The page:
Antibodyantigen complexes

The introduction of cell hybridization techniques leading to the development of immortalized lymphocytic cell lines (hybridomas) secreting antibodies of predefined specificity allowed the production of monoclonal antibodies (mAbs) in large quantities. These made it possible to study specific antigen-antibody reactions in greater detail, eventually providing a deeper understanding of antigenic determinants and combining site structure. Moreover, the elucidation of the antigen-binding site has been greatly facilitated by the production of antibody variable domain fragments (Fv). As the volume of Fv fragments is half that of the Fab, Fv fragments generally crystallize in smaller asymmetric units and thus diffract to higher resolution.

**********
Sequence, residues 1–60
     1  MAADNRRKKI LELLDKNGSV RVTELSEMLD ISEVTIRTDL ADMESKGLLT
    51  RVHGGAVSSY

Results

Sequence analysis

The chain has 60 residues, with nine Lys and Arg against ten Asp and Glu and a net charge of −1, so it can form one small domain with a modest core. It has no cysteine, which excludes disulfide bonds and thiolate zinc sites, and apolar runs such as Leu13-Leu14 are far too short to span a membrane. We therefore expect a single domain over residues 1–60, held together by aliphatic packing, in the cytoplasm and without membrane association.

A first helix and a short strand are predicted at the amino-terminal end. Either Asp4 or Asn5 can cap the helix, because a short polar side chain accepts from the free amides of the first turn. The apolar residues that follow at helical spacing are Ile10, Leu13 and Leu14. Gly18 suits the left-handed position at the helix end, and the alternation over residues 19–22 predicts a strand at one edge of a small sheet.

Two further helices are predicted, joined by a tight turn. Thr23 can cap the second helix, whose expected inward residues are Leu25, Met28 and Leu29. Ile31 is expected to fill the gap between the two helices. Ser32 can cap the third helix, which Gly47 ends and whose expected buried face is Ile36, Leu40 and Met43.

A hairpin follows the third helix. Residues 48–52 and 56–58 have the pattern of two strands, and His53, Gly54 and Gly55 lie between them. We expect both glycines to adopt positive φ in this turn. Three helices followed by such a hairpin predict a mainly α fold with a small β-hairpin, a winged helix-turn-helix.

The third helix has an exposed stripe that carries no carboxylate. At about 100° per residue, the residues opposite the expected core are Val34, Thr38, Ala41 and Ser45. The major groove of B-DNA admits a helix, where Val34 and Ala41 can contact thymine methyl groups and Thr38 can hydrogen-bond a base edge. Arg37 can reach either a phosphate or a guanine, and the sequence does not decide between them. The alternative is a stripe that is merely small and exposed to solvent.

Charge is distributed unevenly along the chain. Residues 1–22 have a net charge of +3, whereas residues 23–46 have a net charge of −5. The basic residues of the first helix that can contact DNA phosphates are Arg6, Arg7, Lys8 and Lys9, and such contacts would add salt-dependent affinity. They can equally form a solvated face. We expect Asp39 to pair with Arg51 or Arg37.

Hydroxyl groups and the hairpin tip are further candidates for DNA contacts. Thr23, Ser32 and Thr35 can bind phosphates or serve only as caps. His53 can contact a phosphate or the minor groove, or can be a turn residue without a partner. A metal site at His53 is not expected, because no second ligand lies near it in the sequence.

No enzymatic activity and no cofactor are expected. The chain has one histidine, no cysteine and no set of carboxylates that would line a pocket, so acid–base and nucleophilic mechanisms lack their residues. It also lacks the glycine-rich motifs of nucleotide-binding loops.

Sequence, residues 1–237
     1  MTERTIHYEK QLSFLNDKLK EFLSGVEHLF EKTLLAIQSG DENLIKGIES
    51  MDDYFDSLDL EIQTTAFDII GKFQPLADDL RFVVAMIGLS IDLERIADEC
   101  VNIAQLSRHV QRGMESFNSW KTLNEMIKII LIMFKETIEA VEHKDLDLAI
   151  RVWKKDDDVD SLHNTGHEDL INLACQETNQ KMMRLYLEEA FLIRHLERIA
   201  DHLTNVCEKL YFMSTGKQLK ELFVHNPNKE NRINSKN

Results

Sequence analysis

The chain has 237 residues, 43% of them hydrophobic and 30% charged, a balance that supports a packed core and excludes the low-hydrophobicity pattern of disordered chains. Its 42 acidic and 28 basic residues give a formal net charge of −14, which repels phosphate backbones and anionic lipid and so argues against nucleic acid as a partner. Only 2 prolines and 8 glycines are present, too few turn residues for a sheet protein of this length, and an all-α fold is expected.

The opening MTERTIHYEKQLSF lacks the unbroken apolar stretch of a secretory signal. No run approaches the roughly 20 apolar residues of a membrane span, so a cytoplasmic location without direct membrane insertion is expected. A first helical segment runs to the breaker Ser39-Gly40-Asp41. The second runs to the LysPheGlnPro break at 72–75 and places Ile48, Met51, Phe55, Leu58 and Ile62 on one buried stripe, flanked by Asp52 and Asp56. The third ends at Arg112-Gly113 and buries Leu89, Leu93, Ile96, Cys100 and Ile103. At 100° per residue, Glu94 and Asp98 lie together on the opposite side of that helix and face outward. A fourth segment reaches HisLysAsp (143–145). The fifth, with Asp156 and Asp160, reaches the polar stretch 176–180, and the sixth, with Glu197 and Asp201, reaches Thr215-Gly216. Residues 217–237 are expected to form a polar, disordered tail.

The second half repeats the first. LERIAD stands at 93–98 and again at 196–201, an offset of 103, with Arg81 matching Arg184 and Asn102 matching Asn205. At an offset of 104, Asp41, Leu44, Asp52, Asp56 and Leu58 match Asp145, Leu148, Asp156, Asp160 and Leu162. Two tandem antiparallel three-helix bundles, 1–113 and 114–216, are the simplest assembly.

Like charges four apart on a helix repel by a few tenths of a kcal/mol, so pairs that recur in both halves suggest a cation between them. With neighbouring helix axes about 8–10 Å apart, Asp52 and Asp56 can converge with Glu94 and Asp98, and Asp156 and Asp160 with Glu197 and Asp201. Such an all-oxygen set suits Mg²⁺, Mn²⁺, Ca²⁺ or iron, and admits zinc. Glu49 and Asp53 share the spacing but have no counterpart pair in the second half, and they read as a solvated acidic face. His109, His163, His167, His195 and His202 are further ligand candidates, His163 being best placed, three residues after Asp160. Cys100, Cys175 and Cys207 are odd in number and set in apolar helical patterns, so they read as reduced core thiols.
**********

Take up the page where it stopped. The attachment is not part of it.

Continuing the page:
By 1996 more than 50 structures of antibody fragments, free and complexed with antigen, had been determined by X-ray diffraction techniques. By far the most widely studied antibodies have been of mouse origin. The mAbs were obtained after secondary responses and can be assumed to be highly specific -that is, they recognize only one antigen (and related, cross-reacting antigens sharing the antigenic determinant). Thus, their combining sites are uniquely defined by stereospecific contacts with the antigens. Several BALB/c mouse mAbs have now been studied by X-ray diffraction, including six which form complexes with hen egg-white lysozyme (HEL), two with influenza virus neuraminidase, one with HPr (a histi-dine-containing phosphocarrier protein), one with NC10 staphylococcal nuclease and four with anti-idiotopic antibodies. These results can be correlated with those of other crystallographic, immunochemical and sequence studies related to antigen and hapten recognition by specific antibodies. In most of the complexes above, the combining site is formed by amino acid residues from each of the CDRs of the L and H chains, although the H chain may in several cases contribute more contacts than the L chain. About 15 residues, mostly from the CDRs but including also one or two from the framework regions, are in contact with a similar number from the antigen. The general topology of the site is not that of a big cavity, but rather flat with interspersed depressions and protuberances that closely complement the surface topology of the antigenic determinant.